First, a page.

BEIRUT - Syrian rebels battled forces loyal to President Bashar Assad just outside Damascus on Thursday, restricting access to its international airport, and the Dubai-based Emirates airline suspended flights to the Syrian capital.
A rebel fighter who identified himself as Abu Omar, a member of the Jund Allah brigade, told Reuters that insurgents fired mortars at the airport's runways and were blocking the road linking it with the capital.
He said insurgents were not inside the airport but were able to block access to and from it.
Another source in a Damascus rebel unit said mortars had been used in clashes near the airport but did not know whether rebels had fired mortars directly at the airport.
Their accounts could not be immediately verified because of severe restrictions on media access to Syria.
Two Austrian soldiers in a UN peacekeeping force deployed in the Golan Heights, disputed by Syria and Israel, were wounded when their convoy came under fire near the Damascus airport, the defense ministry said in Vienna.
An official at EgyptAir said it had cancelled its Friday flight to Damascus due to the "deteriorating situation" around the airport. He said the airline would hold an urgent meeting in the next few hours with Egyptian officials to discuss halting all flights between Egypt and Syria.
Residents also reported Internet connections in the capital were down and mobile and land telephone lines working only sporadically in what appeared to be the worst disruption to communications in Syria since an uprising began 20 months ago.
Syria's minister of information claimed that "terrorists", not the state, were responsible for a countrywide Internet outage, a pro-government TV station said.
The past two weeks have seen rebels overrunning army bases across Syria, exposing Assad's loss of control in northern and eastern regions despite the devastating air power that he has used to bombard opposition strongholds.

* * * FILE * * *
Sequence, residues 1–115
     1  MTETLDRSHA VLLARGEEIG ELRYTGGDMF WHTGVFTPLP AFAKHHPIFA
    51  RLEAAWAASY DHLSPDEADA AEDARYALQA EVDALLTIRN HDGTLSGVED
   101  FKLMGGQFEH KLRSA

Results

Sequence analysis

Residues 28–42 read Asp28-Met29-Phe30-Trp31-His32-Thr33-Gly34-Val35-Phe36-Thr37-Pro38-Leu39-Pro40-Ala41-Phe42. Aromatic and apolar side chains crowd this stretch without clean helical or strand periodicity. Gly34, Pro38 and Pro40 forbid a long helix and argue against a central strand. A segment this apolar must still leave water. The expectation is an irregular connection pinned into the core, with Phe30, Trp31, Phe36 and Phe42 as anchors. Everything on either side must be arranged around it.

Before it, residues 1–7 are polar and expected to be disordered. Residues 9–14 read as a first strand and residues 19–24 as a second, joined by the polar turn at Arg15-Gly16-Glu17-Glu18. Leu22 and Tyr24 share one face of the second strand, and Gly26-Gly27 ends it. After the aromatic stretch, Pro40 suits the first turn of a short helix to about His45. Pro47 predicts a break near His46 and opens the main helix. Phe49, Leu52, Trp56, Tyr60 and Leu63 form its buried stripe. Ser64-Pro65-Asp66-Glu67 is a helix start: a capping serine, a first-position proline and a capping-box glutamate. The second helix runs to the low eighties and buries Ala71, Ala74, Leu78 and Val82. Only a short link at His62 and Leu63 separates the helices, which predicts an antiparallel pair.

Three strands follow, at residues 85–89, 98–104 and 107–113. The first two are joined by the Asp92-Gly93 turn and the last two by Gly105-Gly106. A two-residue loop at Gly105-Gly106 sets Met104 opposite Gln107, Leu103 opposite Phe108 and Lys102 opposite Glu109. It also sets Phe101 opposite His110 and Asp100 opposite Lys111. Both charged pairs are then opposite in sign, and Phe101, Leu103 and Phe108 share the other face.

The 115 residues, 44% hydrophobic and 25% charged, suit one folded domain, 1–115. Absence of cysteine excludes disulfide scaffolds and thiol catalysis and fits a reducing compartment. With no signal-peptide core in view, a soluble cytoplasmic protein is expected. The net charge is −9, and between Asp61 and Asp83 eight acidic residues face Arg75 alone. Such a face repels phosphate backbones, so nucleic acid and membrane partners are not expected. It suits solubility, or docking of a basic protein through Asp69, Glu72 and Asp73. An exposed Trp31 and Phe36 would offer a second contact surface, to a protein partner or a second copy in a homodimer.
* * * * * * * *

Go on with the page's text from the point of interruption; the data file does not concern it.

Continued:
Rebels and activists said the fighting along the road to Damascus airport, southeast of the capital, was heavier in that area than at any other time in the conflict.
"No one can come in or out of the airport," said Abu Omar.
The Syrian Observatory for Human Rights, a opposition monitoring group, said clashes were particularly intense in Babbila, a suburb bordering the insurgent stronghold of Tadamon.
Nabeel al-Ameer, a spokesman for the rebel Military Council in Damascus, said that a large number of army reinforcements had arrived along the road after three days of scattered clashes ending with rebels seizing side streets to the north of it.
Emirates said it was suspending daily flights to Damascus "until further notice", but other airlines continued operations.
Airport sources in Cairo said an EgyptAir flight that left at 1:30 p.m. (1130 GMT) had landed in Damascus on schedule but the pilot was instructed to take off back to Egypt. An official said the plane returned to Cairo 45 minutes ahead of schedule.
Elsewhere in Damascus, warplanes bombed Kafr Souseh and Daraya, two neighborhoods that fringe the center of the city where rebels have managed to hide out and ambush army units, according to opposition activists.
Assad prepares for showdown with rebels around Damascus
A senior European Union official said that Assad appeared to be preparing for a military showdown around Damascus, possibly by isolating the city with a network of checkpoints.
"The rebels are gaining ground but it is still rather slow. We are not witnessing the last days yet," the official said on condition of anonymity.
"On the outskirts of Damascus, there are mortars and more attacks. The regime is thinking of protecting itself ... with checkpoints in the next few days ... (It) seems the regime is preparing for major battle on Damascus."
The Syrian security source, who is from the elite 4th Armoured Division, said one of the aims of the army's operation was to completely cut off the suburbs - where rebels are in control - from the city center.
In the north of the country, rebel units launched an offensive to seize an army base close to the main north-south highway that would allow them to block troop movements and cut Assad's main supply route to Aleppo, Syria's biggest city.
The Observatory said that rebel units from around Idlib province massed early on Thursday morning to attack Wadi al-Deif, a base east of the rebel-held town of Maarat al-Numan.
Wadi al-Deif has been a thorn in the side of rebel units who first besieged the station in October but met fierce resistance from government forces, backed up by air strikes.
Assad is fighting an insurgency that grew out of peaceful demonstrations for democratic reform but escalated, after a military crackdown on protesters, into a civil war in which 40,000 people have been killed.
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